Os­berg is a mem­ber of the elite ech­e­lon of world-class fe­male play­ers, but she said she is play­ing in what is widely con­sid­ered a man’s game.

Bridge has taken her to Tokyo, Athens, Chile, Aus­tralia, the is­land of Cor­sica, Verona, Paris, Montreal and vir­tu­ally ev­ery ma­jor U.S. city. Bridge is not for the faint of heart. “Ev­ery­one loses more than they win,” Os­berg said. “Los­ing is much more com­mon. You have to de­velop a thick skin.”

“It’s not easy to sit down to play in a tour­na­ment,” she said. “The way you move your cards and how you do your bid­ding, it’s very dif­fi­cult.”

She re­called Buf­fett’s first bridge tour­na­ment, held in Al­bu­querque. They made it to the fi­nals af­ter two gru­el­ing qual­i­fy­ing rounds. “That was mirac­u­lous,” she said.

But Buf­fett, the steely cap­i­tal al­lo­ca­tor who moves world mar­kets with mere ut­ter­ances, had enough.

Os­berg re­calls: “He said, ‘I can’t do it any­more.’ It was so stress­ful, he didn’t want to play in the fi­nals.”

“I had no busi­ness be­ing in it at all,” Buf­fett said. “We were play­ing peo­ple not as good as Sharon was, but a whole lot bet­ter than I was. I dropped out. I was on the board of US-Air at the time, so I said I had to get back to a board meet­ing. This was not great be­hav­ior on my part. I love the game, but play­ing in tour­na­ments is too many hours of con­cen­tra­tion.”

At her peak, Os­berg was one of the top play­ers in the world.

“I am no longer a se­ri­ous player,” she said. “I used to play just to win. Now I play for the beauty of the game. It’s the same way math­e­mat­ics can be beau­ti­ful. Your brain has to be nim­ble enough to re­com­pute on the fly when in­for­ma­tion comes in.”

Hon­estly, I have never thought of math as beau­ti­ful. But then Buf­fett and Gates, not me, are the ge­niuses trav­el­ing in the Gulf­stream jets with their bridge maven Os­berg.

Os­berg grew up near Philadel­phia in an up­per-mid­dle-class fam­ily of Ital­ian im­mi­grants. Her fa­ther was a busi­ness­man who helped run a fam­ily meat busi­ness. She learned to play bridge at Dickinson Col­lege in Carlisle, Pa., where she grad­u­ated with a po­lit­i­cal sci­ence de­gree in the early 1970s.

“Some­body a cou­ple of doors down in the dorm said, ‘We need a fourth for bridge.’ I said, ‘I will do it.’ ”

She was a nat­u­ral. Af­ter grad­u­a­tion, Os­berg moved to Cal­i­for­nia and joined the large com­mu­nity of bridge play­ers around the Bay Area. “Ev­ery­one knew each other,” she said. A fel­low bridge ad­dict hooked her up with Bank of Amer­ica, where she par­tic­i­pated in a three-month tech­nol­ogy train­ing pro­gram that in­tro­duced her to a busi­ness that drew on the same skillset that made her so suc­cess­ful at bridge.

“I loved pro­gram­ming,” she said. “It’s num­bers, pat­tern recog­ni­tion, prob­lem­solv­ing. It’s just so cool. The same rea­son I love bridge.”

Os­berg was in the right place at the right time. Bank of Amer­ica was just be­gin­ning to pi­o­neer tech­nol­ogy that would lead to on­line bank­ing.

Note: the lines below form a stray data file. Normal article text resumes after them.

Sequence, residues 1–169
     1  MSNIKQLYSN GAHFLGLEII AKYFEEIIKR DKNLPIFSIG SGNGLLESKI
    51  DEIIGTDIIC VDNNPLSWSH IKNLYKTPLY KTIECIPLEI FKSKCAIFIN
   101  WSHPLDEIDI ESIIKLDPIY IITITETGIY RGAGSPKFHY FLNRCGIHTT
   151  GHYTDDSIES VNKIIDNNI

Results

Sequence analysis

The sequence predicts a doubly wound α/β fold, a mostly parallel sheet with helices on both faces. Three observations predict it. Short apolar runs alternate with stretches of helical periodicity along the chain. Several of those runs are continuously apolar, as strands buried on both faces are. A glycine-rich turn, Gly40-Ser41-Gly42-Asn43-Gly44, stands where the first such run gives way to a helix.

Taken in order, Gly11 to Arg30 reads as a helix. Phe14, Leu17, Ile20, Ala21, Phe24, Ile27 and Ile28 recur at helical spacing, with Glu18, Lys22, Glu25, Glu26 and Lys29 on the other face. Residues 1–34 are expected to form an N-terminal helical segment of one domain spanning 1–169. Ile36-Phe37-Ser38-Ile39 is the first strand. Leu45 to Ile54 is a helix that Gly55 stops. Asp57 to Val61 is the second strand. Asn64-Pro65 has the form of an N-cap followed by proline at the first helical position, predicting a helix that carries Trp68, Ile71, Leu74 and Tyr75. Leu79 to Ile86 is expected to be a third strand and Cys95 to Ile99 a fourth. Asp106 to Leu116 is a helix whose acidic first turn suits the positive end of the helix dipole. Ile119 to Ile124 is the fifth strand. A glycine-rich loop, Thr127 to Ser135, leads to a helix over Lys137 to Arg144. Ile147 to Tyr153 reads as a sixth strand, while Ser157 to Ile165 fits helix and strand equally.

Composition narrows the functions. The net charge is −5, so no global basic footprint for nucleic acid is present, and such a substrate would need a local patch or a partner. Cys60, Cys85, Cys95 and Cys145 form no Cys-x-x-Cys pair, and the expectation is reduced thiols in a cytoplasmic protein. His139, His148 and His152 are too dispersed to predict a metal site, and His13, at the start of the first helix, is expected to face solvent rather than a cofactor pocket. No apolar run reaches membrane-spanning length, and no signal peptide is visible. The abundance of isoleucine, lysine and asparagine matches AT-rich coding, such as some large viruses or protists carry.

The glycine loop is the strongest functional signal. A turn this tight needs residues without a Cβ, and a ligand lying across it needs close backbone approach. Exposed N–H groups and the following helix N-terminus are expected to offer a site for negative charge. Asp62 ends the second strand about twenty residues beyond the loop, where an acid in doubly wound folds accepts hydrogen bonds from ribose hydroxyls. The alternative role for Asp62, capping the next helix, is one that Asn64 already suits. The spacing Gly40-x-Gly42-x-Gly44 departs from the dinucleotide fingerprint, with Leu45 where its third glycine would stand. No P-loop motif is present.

She even­tu­ally spent 18 years at Wells Fargo, where she rose to ex­ec­u­tive vice pres­i­dent for tech­nol­ogy and re­tired in 2000.

Her years run­ning tech­nol­ogy at Wells Fargo brought her into con­tact with Gates and other tech­nol­ogy wheels. She re­mem­bers one meet­ing with en­tre­pre­neur Marc An­dreessen, co-au­thor of Mo­saic, the first widely used Web browser.

The stiff bankers shed their jack­ets, dress shirts and ties to make their Sil­i­con Val­ley guests com­fort­able, only to see An­dreessen and com­pany show up wearing suits.

She was in­vited to New York to play in a bridge tour­na­ment in the early 1990s and was part­nered with Buf­fett con­fi­dant Carol Loomis, at the time a For­tune mag­a­zine writer.

Buf­fett was play­ing, too, and in­vited her to stop in Omaha some time. “I said, ‘Where is Omaha?’ That was not the thing to say.”

When she fi­nally stopped in his home­town, they went to din­ner, and Buf­fett pulled out a blank map of the United States and asked her to draw an X for Omaha.

They quickly be­came close friends. As her men­tor ed­u­cated her about busi­ness and man­ag­ing peo­ple, Os­berg bought her first shares in Berk­shire Hath­away — at the then-soar­ing price of $16,050 — “a for­tune to me.” (The stock to­day sells for around $259,600. Os­berg owns a lot more of it.)

“He opened up a world I never would have been part of with­out him,” she said. “Once or twice a year, I get to sit back and just lis­ten to Bill and War­ren. They talk about com­pa­nies. They talk about trends. Ar­ti­fi­cial in­tel­li­gence. Nu­clear pro­lif­er­a­tion. What the fu­ture might hold and the po­lit­i­cal im­pli­ca­tions in the busi­ness world. “I don’t know how I got that lucky.” Just look for the one whose back is to the cam­era.

Sharon Os­berg counts bil­lion­aires Bill Gates and War­ren Buf­fett as two of her bridge part­ners.


Sharon Os­berg watches as Mi­crosoft founder Bill Gates, left, is pre­sented with a medal by Al Levy of the Amer­i­can Con­tract Bridge League in Oc­to­ber 2016. “Bill is very sci­en­tific,” Os­berg said of Gates’s ap­proach to bridge.